The Social Learning Theory Approach

The basic assumptions of SLT, the stages of observational learning, factors that effect models & types of model, Bandura's Bobo Doll study & an evaluation of SLT/

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The Social Learning Theory Approach: Basic Assumpt

1)  Behaviour is learnt through observation & imitation.

2) There are four conditions to observational learning; Attention, Retention, Reproduction & Reinforcement. 

3) We imitate the behaviour of role models - people we identify with & desire to be like.

4) Learning can be a result of direct or vicarious (indirect) reinforcement

5) Learning involve mediating cognitive factors - thoughts in between the stimulus & the reaction; we see the behaviour, observe the consequences, remember them & decide later whether to imitate the behaviour.

Research Method: SLT normally uses experiments - laboratory controlled experiments with human participants - in this they used observational techniques to gather data.

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The Four Conditions of Observation Learning (ARRM)

Attention - the learner needs to pay attention to the behaviour

Retention - the learner needs to be able to record the behaviour to memory

Reproduction - the learner must have the ability to carry out the behaviour

Motivation - the consequences of carrying out the behaviour will decide whether the behaviour is carried out.

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Types of Model & Desired Characteristics of a Mode

Modelling - copying the behaviour of those we identify with

Identification - a desire to be like/imitate someone, a role model.

There are 2 types of model;

  • Live Models - who are physically present e.g. parents, celebrities, friends etc.
  • Symbolic Models - characters in films, books, TV shows etc.
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Influential Model Characteristics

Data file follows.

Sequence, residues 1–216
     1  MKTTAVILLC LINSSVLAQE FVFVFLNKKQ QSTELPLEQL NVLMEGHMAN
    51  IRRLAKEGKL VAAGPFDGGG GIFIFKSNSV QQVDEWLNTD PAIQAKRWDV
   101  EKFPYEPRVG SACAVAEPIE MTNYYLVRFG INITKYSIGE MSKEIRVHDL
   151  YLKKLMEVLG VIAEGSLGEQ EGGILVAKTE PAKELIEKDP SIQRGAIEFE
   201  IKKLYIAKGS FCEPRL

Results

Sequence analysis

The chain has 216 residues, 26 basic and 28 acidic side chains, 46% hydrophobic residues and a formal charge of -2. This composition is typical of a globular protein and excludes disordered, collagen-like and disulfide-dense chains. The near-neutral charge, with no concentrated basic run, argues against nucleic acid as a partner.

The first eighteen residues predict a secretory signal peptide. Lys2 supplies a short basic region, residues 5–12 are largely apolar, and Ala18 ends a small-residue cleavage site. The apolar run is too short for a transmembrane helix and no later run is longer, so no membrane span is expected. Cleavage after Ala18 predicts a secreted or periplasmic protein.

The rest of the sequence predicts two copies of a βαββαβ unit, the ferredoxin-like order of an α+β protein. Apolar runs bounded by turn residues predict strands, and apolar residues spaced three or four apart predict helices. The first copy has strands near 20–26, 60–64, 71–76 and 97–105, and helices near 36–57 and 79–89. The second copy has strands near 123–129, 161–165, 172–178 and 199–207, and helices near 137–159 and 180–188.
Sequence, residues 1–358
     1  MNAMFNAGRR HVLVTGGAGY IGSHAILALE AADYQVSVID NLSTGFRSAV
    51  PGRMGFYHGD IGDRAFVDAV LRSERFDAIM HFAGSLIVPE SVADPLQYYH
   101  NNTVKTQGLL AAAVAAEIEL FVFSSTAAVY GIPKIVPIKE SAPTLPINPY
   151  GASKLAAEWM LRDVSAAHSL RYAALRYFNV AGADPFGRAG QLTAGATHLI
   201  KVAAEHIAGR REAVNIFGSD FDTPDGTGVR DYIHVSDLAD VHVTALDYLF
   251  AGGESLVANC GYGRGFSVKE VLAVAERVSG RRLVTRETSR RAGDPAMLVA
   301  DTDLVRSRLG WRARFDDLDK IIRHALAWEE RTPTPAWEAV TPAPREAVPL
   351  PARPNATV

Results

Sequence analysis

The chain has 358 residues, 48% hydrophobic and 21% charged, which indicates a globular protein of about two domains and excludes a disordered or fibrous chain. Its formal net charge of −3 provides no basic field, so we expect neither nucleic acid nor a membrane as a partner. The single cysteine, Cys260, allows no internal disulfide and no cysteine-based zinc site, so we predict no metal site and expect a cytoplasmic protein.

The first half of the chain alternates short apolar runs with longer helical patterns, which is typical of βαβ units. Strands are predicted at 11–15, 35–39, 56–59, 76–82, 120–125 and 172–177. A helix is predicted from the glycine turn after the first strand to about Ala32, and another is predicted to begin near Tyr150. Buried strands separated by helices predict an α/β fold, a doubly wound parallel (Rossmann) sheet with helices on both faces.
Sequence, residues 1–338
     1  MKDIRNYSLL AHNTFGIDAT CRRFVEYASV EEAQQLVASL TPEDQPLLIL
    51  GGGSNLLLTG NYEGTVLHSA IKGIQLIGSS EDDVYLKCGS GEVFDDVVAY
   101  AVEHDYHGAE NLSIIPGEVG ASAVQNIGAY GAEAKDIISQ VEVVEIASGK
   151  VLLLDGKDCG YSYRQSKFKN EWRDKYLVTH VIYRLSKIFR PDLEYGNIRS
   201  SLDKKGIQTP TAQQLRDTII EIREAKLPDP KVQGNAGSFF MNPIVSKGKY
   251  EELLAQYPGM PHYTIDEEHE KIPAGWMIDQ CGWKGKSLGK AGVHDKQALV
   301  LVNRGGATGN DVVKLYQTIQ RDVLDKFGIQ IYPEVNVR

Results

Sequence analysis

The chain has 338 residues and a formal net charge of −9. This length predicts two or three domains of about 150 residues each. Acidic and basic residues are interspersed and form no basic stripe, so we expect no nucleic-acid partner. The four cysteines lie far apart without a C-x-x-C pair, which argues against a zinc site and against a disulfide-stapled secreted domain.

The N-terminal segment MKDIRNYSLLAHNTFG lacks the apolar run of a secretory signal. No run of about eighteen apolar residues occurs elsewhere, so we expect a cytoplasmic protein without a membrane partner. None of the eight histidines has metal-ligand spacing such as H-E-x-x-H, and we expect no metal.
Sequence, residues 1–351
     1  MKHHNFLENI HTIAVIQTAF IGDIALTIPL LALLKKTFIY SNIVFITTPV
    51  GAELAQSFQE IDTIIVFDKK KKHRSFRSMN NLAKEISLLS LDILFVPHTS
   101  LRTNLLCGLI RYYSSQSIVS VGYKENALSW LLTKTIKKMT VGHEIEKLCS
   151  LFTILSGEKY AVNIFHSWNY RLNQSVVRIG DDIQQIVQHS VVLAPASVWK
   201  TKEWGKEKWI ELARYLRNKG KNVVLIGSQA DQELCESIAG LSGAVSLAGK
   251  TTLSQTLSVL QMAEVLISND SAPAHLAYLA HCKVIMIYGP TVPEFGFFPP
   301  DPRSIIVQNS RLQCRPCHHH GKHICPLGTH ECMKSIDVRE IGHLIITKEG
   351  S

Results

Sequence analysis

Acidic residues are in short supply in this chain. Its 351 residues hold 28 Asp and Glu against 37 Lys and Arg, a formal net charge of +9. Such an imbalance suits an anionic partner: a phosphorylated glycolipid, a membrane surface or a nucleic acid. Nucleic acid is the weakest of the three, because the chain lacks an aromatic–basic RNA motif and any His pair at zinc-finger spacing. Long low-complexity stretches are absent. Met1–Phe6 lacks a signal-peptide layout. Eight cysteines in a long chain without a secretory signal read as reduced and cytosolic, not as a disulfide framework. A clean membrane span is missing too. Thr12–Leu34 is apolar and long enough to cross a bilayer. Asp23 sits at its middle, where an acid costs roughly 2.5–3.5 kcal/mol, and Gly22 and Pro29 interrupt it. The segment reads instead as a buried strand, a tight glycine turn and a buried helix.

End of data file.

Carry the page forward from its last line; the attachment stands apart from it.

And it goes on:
The characteristics that influence us in models are;

  • Similarities to ourselves - age, gender, style etc.
  • Likeability - attractiveness, appropriateness of behaviour etc.
  • Status - high status people are more likely to be imitated.

Those with low self esteem are more likely to imitate behaviour.

Not all behaviour is modelled and not all models are imitated.

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Key Study: The Bobo Doll Study (Bandura et al. 196

Aim: To investigate whether aggression can be learnt through observational learning & if children are more likely to imitate same-sex models.

Method: A group of children aged 3-6 were split into 3 groups;

  • Group 1 were exposed to a model behaving in a non-aggressive way building tinker toys, 
  • Group 2 were exposed to an aggressive model who attacked & verballed abused a Bobo Doll
  • Group 3 were a control group who saw no models.

Half of each group saw a same-sex model, the other an opposite-sex model. All participants were deliberately annoyed & then took to a room to play with a range of toys, including a Bobo Doll. They were observed for 20 minutes through a one-way mirror.

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Key Study: The Bobo Doll Study (Bandura et al. 196

Results: 

  • Children who were exposed to the aggressive model showed significantly more aggressive behaviour. 
  • Boys tended to show physical aggression more whereas girls showed more verbal aggression.
  • Boys were more likely to imitate same-sex models

Conclusion:

  • Specific acts can be learnt through observation & imitation without reinforcement
  • Additionally, observers have a tendency to imitate same-sex models.
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Strengths of The Social Learning Theory Approach

  • Takes into account the cognitive processes involved in learning 
  • Uses both experimental & non-experimental (observational) methods of research
  • Applied to many areas of psychology & provides effective explanations of behaviour e.g. the acquisition of gender roles.
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Weaknesses of The Social Learning Theory Approach

  • Doesnt fully explain individual differences - what may be percieved as 'reinforcement' for one may not be for another.
  • Doesnt take into account all behaviour - such as criminals who havent observed criminal behaviour.
  • Doesnt take into account the roles of biology & genetics in behaviour.
  • Laboratory experiments are highly artificial - therefore they lack ecological validity & are difficult to adapt & generalise to everyday behaviour.
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Comments

Evita

Thank you for this! This will help me a great deal :)

Lassy96

Great Help:)Thanks dear,Cheers x


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